That hair. Flowing a gorgeous shade of auburn, it was the second thing I noticed about her. Maybe it was because I have my own little red-haired girl at home, but I was drawn to the beauty and radiance of her long locks; it was the subject of our very first conversation. “I love your hair,” I remarked as I moved around the room on that first day, covering the syllabus and the rules and all of the other boring necessities of the beginning of the year. “Thanks,” she giggled. I soon discovered she was always giggling.
Those eyes. Bright and engaging, focused on whomever she was speaking to, willingly giving all of her attention. They might not have always been trained on the day’s history lesson, scrawled out on the whiteboard in colorful dry-erase markers, but that’s because their attention required a bit more excitement. With eyes that electric, they deserved to be attracted to shinier things. They sparkled when she talked and their brilliance grew in proportion to her engagement. They added to her expressive nature. She was a master of funny faces, and her eyes contributed to the humorous contortions of her countenance. She even smiled with her eyes. I know that sounds kind of funny, but it’s true. I’ve never met another person who fit the old adage of “the eyes are the windows of the soul” more than her. They revealed her true nature—sweet and disarming, gentle and kind.
That laugh. Everything was funny and every dark cloud had a silver lining in her world. Her laugh didn’t discriminate; I don’t think she ever met a joke she didn’t like. Who wouldn’t want to be friends with someone who gave so freely of her happiness? It was infectious and disarming, and it drew people in. A laugh is a powerful tool for a teenage girl to wield, especially when faced with new surroundings and judgmental peers. She used hers to break down walls and build up friendships. It didn’t take long for this stranger to become a member of the Bucktown family. By the second week of school, it was as if she’d always been here.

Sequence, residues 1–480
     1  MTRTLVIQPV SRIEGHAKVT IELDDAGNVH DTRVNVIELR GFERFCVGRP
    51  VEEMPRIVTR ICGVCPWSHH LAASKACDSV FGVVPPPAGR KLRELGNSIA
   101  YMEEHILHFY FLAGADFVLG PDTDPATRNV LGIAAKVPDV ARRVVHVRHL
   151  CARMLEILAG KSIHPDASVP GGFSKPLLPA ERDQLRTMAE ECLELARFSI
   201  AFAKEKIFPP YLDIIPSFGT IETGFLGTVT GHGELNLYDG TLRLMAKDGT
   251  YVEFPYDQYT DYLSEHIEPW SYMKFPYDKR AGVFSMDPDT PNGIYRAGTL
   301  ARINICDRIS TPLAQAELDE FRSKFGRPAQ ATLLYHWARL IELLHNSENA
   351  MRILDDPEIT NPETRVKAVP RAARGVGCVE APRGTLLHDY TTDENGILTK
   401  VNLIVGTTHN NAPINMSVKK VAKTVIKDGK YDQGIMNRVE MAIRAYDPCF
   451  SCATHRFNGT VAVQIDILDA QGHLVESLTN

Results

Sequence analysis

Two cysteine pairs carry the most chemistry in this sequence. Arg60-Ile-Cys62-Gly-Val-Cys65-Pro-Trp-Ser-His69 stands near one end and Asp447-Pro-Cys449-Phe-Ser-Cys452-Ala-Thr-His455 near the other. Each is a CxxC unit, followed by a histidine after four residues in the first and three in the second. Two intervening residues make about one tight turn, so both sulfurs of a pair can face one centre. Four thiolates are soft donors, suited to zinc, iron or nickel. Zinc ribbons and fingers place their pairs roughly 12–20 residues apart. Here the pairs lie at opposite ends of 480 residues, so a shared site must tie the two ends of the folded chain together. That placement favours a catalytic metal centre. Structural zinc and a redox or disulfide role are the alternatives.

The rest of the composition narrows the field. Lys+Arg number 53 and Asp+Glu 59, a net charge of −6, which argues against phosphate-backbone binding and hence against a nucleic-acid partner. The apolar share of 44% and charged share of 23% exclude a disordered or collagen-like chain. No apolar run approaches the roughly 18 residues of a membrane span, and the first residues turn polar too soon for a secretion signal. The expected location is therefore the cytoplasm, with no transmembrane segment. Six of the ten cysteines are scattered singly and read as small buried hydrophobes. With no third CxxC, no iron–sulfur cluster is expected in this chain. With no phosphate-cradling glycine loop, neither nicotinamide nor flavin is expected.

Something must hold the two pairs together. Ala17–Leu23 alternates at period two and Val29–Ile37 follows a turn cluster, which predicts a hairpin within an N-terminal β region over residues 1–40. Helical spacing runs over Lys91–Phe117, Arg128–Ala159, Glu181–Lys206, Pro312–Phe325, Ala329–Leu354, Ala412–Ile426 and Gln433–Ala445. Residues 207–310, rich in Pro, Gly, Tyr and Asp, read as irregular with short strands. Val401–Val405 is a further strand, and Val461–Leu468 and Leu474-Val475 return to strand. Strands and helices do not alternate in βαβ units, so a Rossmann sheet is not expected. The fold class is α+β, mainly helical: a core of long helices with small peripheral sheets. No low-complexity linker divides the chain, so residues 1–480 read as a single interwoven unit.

That spirit. Without any fear, she jumped into the social structure of our high school with both feet. She became a leader of her class and a staple at every sporting event. She earned that front row spot in The Herd and cheered for the Bucks with the lungpower of a lifelong resident. Want to know just how much of a Buck she became? Just look at the picture of our cheering section for the Battle of the Fans competition in 2015. There she is, front row center, arms spread wide as if she were channeling all of the energy and excitement of the moment. I love that picture. It is so symbolic of how she approached life—embracing every moment and taking nothing for granted.